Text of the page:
The contentious debate about pain relief during childbirth
Posted by Nic Heath on July 20, 2009
Dr Denis Walsh, one of Britain’s leading midwives, caused a global furore last week when he spoke out against the ‘epidural epidemic’ currently sweeping the UK. Dr Walsh claims, among other things, 20 per cent of epidurals are given to women who don’t need them, and advocates alternative methods of pain relief during labour such as yoga and birthing pools.
Despite being reported by the BBC as saying in some cases epidurals are very useful, Dr Walsh’s comments have been taken as a personal insult by women all over the internet.
The collective outrage has been fed by provocative and misleading headlines:
Dr Walsh’s comments seem to have struck a sensitive seam of guilt felt by many women in relation to childbirth. The many stories and blog posts on the web about the issue have drawn thousands of comments from readers, and many mothers speak defensively about guilt and of being judged.
Remola from Wagga on a Herald Sun forum:
“All I can say is I AM A SUPER MUM just for being a mum and I’m happy to say I took the drugs 2 yrs ago and I will take them again if I feel the need despite what is said.”
Mammamia reader claystep asks “do mothers really need more stuff to feel guilty about??”
Another point of contention is Dr Walsh’s gender.
“To have a male carry on in this manner is just too ludicrous for words. What the hell would he know? … He can say what he likes, safe in the knowledge that he’ll never have to experience it!”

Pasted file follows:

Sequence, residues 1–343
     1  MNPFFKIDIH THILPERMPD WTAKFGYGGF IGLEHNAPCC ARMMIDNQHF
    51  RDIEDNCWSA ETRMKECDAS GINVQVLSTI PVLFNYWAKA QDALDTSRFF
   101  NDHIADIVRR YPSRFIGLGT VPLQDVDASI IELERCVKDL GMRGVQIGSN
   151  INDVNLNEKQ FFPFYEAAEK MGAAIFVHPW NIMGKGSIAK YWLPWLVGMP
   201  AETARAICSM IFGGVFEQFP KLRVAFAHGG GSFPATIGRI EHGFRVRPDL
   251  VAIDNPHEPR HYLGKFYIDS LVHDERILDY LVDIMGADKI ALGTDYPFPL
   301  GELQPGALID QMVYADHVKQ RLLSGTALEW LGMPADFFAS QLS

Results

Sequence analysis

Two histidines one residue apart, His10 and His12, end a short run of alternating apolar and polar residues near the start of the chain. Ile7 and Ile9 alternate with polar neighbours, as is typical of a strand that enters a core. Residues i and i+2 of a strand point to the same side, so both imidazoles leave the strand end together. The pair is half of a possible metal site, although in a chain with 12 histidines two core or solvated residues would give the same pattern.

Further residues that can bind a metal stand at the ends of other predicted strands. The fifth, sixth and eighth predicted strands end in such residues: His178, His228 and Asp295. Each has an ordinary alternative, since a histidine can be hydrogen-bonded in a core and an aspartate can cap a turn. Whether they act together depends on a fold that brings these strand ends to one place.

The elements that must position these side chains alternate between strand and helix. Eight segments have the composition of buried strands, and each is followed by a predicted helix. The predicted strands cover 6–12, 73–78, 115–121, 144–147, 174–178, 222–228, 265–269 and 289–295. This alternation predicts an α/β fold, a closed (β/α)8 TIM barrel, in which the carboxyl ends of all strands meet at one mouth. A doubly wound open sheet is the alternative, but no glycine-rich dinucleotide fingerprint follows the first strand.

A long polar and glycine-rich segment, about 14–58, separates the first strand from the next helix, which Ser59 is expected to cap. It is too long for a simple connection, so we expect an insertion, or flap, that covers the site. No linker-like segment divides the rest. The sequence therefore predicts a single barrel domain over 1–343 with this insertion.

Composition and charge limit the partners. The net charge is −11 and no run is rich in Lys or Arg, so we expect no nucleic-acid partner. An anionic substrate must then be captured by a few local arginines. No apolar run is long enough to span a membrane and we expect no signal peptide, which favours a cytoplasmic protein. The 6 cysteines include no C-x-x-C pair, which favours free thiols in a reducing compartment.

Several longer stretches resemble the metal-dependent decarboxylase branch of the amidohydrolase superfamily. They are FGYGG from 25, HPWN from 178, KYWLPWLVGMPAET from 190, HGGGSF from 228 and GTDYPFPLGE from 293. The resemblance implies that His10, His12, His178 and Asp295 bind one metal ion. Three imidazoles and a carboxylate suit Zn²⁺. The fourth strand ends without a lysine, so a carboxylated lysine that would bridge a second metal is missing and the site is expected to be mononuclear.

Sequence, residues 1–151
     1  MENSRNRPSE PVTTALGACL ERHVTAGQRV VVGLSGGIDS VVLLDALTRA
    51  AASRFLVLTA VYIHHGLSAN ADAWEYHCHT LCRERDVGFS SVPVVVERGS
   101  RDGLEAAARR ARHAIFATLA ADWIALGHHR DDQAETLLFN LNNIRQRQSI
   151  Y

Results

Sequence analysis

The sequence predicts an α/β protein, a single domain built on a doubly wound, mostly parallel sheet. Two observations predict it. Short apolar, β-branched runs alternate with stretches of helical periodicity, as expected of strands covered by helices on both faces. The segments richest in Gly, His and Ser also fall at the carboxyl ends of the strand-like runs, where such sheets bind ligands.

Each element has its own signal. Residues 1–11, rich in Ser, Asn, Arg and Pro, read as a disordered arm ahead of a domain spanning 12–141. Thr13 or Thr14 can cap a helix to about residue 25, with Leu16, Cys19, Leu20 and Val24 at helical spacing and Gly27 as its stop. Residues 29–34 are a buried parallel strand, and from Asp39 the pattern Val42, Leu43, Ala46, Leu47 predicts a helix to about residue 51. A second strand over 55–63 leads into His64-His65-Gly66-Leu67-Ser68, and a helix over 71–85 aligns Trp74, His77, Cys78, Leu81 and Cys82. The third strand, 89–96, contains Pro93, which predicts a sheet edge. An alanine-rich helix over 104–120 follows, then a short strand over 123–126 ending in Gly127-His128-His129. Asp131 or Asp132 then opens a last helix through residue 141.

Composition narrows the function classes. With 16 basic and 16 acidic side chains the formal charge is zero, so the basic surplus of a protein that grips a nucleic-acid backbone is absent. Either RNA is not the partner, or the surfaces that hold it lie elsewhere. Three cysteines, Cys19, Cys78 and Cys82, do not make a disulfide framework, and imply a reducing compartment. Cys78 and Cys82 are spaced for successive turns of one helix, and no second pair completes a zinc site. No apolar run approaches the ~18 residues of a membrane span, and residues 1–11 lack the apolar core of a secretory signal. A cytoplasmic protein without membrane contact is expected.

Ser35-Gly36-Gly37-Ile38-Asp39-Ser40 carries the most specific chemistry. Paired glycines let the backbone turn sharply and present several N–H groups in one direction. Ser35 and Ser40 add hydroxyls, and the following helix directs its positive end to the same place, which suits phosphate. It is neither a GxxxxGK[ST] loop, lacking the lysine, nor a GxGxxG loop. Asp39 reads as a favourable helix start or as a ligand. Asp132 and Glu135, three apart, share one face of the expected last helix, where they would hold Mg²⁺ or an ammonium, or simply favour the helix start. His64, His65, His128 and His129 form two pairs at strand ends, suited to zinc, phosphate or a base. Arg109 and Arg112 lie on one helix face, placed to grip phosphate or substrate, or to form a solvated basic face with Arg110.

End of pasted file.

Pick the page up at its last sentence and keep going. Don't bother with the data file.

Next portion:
Mia Freedman struck up the refrain, ‘no uterus, no opinion’, in her blog post on the subject, ‘Brave man tells women in labour to toughen up because pain relief is for wussbags’, which many of her readers reiterated.
This is surely a counterproductive and reactionary response to Dr Walsh’s comments, not to mention one that is plain sexist. The reasoning behind it is dangerously exclusionary. It’s too easy to substitute one element and end up with something much more malevolent - say, ‘no uterus, no admission’ etc. Suddenly such logic is pretty clearly discriminatory.
It is the sort of thinking that many feminists have been seeking to overturn for years – when applied to circumstances such as the role of women in professional sport like AFL.
Dr Walsh is a senior midwife and associate professor in midwifery at Nottingham University, a good reason to take into account his opinion, and there have of course been more rational responses to his views.
Royal Australian and New Zealand College of Obstetricians and Gynaecologists president Dr Ted Weaver:
What we want to get away from is the sort of maternity care where mothers are given an epidural to shut them up so they can…be baby-sat while the labour progresses.
“As women, we have been inculcated to believe that childbirth is a horrible and scary experience full of pain and fear. It is well known that fear increases pain and no doubt also increases the number of women opting for epidural, regardless of how their labour may or may not go.”
This whole episode raises a number of questions – like why have women reacted so strongly to a man recommending more options for women during childbirth, while actions to limit choice – the new restrictions on homebirths – have been almost entirely unremarked upon? Why would a woman feel guilty about her labour? And what can be done to make childbirth a more positive experience for women?